A single-center, prospective, observational, controlled study was performed at the North Hospital of Marseille (Assistance Publique–Hôpitaux Marseille) from November 2016 to November 2018. In accordance with French law [14], patients were informed regarding the use of their data for publication. Because all strategies used in this study were considered standard of care, the study was observational and informed consent was not required. The study was compliance with the Strengthening the Reporting of Observational Studies in Epidemiology (STROBE) recommendations [15].

Characteristics of participants

During the study period, all consenting adults hospitalized in medical or surgical wards and developing respiratory and/or circulatory failure justifying placement of a call to the RRT were prospectively included. Exclusion criteria were age below 18 years, pregnancy, cardiac arrest, technical limitations to the performance of ultrasound examination in the ward (e.g., surgical dressings, anatomical abnormalities), lung or cardiac transplant, RRT calling for a neurological failure, RRT calling by the emergency department and impossible follow-up.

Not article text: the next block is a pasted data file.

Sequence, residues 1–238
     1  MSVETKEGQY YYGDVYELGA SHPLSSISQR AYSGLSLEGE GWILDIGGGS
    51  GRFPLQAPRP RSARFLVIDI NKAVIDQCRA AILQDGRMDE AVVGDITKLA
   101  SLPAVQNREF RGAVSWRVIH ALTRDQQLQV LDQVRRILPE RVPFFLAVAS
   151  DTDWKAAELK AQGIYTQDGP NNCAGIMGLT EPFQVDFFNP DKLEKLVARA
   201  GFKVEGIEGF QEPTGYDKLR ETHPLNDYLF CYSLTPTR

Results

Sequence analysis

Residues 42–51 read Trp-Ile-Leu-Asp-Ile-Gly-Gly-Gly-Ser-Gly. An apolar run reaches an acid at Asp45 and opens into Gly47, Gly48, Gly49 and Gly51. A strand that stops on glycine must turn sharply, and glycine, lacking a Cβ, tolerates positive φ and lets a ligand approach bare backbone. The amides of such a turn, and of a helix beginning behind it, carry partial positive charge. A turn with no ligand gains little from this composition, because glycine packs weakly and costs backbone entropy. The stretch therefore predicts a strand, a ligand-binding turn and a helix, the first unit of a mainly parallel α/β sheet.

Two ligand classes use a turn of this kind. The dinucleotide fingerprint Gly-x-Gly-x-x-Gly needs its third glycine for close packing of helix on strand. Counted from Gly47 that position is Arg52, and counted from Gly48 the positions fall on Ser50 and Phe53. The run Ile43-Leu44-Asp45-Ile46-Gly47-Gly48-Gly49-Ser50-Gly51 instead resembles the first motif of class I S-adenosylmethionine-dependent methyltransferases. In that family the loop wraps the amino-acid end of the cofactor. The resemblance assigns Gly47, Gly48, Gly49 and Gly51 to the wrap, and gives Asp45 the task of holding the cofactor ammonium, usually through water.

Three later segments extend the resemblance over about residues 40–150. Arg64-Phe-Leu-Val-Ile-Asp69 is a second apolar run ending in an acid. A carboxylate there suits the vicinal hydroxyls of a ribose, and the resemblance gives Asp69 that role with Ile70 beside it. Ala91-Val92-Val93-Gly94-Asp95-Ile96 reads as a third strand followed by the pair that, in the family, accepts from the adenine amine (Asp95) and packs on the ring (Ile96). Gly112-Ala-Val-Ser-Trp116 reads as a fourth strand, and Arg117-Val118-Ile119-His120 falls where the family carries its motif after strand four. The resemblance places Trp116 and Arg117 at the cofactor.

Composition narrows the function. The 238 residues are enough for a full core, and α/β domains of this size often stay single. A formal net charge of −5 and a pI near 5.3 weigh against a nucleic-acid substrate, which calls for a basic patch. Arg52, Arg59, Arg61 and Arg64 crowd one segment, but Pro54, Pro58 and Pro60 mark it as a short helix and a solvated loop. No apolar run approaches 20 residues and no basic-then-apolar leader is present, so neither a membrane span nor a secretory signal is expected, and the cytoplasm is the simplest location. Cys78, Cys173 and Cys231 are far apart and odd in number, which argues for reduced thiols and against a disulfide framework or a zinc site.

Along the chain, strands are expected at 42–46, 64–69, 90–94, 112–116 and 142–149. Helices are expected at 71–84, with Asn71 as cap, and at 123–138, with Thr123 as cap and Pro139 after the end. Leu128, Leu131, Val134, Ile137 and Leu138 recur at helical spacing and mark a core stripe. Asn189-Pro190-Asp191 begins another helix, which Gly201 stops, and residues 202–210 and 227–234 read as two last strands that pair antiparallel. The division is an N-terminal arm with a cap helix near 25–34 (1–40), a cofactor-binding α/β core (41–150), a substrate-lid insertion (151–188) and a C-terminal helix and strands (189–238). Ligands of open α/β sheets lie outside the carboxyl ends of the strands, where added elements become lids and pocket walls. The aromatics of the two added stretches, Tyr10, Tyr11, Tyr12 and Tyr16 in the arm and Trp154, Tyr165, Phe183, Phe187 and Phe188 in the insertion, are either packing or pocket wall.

In-hospital calls to the RRT were attended by the RRT of two intensive care units (ICUs) in the hospital which alternated every other day. In our institution, the RRT is comprised of a senior ICU physician, an ICU resident and a medical student. The two ICUs cover RRT activity in turns regardless of the study; therefore, a decision was undertaken that one would serve as the POCUS group and the other would serve as the control group (no POCUS using by the control RRT). A protocol for guiding patient treatment based on POCUS findings was developed and made available only to the RRT assigned to the POCUS group (Fig. 1a, b).